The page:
Saturday, November 9, 2013

Heaven and Earth: Art of Byzantium from Greek Collections

Where: National Gallery of Art, West Building, Main Floor

When: through March 2, 2014

There's lots of heaven and not much earth on display in this exhibit at the National Gallery.  If you like religious iconography, this is the show for you!  If you don't, you may want to give this a miss, or spend your time in just a couple of the rooms.  Personally, I grew weary of the religious art after a short time and was happy to move into a part of the show that dealt with jewelry and coins.  This is the Gallery's first show of Byzantine art, and I'm always happy to be part of the first of something or to see works that have not been on display in the US before, so that was satisfying.  Overall though, this just wasn't to my taste.

The Byzantine Empire began in 330, when Constantine moved the capital of the Roman Empire from Rome to the site of the ancient city of Byzantium.  The city was renamed Constantinople and is now the modern city of Istanbul.  The Byzantine Empire lasted for over 1,000 years before it was sacked by the Turks in 1453.  This gives a wide scope for artistic expression, as times and tastes will undergo numerous changes in a millennium.  Interestingly enough, the art doesn't really change all that much.  Once Christianity displaced paganism, there's a certain sameness to the works, until the end of the Empire, when gothic influences can be seen to appear.

The first room has several examples of pagan statues, sadly defaced by Christians.  If you like noses, you'll be sorely disappointed.  Why knock them off, one wonders?  Is it because it's the easiest way to destroy a statue?  They were also moved by religious fervor to carve crosses into the foreheads of these representations of the ancient gods.  I was appalled by the senseless destruction, much like when the Taliban blew up those Buddhist statues.  Anyone who destroys art is a poor excuse for a human being.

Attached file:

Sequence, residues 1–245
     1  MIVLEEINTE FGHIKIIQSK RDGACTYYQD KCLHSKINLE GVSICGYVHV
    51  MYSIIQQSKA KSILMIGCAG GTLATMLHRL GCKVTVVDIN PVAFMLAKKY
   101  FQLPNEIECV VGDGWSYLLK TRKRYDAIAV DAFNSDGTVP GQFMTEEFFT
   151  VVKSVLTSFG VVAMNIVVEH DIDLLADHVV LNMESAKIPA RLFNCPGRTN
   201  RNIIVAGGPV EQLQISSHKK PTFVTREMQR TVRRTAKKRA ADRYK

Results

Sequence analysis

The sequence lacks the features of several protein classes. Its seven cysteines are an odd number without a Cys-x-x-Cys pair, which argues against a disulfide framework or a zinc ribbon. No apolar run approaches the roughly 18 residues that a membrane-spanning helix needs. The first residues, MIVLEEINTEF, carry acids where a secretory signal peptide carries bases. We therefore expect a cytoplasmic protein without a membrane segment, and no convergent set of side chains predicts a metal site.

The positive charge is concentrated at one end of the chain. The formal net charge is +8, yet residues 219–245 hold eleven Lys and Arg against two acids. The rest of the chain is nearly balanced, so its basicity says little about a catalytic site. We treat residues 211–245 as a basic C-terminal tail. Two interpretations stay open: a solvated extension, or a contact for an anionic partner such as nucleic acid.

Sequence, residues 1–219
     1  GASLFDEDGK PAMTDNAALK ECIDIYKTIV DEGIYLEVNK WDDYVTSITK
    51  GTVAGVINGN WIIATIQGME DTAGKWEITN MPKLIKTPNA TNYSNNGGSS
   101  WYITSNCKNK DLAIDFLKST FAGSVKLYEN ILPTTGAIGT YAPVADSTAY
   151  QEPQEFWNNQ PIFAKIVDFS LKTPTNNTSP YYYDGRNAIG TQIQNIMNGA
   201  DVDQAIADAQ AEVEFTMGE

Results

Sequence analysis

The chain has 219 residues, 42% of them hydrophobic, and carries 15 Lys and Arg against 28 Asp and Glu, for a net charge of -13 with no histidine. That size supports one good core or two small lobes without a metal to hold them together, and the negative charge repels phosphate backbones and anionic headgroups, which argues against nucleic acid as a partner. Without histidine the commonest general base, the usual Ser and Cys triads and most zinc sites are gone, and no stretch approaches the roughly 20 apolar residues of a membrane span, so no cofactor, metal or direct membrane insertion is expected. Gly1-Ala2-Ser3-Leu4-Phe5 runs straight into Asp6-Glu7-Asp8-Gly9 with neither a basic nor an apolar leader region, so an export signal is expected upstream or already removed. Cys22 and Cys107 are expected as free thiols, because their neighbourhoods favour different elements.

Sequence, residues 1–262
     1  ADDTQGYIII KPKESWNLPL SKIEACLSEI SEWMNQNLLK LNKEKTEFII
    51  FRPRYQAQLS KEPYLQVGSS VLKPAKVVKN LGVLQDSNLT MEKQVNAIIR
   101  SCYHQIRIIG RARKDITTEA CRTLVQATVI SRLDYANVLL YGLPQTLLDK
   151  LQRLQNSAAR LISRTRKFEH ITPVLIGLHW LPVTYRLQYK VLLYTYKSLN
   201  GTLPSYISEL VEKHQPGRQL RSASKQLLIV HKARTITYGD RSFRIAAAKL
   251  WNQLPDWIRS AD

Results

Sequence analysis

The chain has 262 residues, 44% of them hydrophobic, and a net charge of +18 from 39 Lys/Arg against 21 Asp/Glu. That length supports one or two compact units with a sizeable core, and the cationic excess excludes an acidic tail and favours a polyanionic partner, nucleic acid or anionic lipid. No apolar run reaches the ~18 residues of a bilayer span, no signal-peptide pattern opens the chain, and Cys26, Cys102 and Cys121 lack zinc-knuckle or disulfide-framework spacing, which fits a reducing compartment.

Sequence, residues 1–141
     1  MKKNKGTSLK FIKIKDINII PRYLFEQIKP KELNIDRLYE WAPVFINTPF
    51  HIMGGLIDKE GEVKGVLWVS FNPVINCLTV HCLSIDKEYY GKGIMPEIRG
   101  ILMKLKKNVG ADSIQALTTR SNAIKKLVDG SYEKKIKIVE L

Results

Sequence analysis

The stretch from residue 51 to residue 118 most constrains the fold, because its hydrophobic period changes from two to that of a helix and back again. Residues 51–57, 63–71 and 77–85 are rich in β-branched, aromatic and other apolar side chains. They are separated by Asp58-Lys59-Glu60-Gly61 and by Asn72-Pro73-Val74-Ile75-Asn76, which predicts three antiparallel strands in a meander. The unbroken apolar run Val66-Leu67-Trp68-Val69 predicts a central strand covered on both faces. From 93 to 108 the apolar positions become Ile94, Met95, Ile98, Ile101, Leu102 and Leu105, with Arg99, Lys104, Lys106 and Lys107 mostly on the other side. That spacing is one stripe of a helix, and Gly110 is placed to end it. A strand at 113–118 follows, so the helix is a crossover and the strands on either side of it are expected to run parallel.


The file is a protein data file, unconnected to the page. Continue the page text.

Once the Christians had firm control of Byzantium, a new movement sprang up called Iconoclasm.  This is a belief that graven images are evil and must be destroyed.  Obviously, you don't have a great deal of artwork from this period.  The original Iconoclasts (this must be where the word comes from?) seem to have a lot in common with Oliver Cromwell, who also had a problem with art almost a thousand years later.  A pox on both their houses, I say! Cooler heads eventually prevailed, and the icons returned.

Although I lost interest in all of the religious paintings after a while, I did enjoy the mosaics on display.  I like tilework generally, and this was quite nice, although not in the best of shape after so many years.

The section entitled "The Pleasures of Life" held my interest most strongly - lots of jewelry, not so many paintings of a dying Christ.

Verdict: Overall, not a show I'd go to see again, although I did like seeing the early, pre-Christian work.  It was quite crowded when I went, so be prepared to share your experience with many others.

No comments:

Post a Comment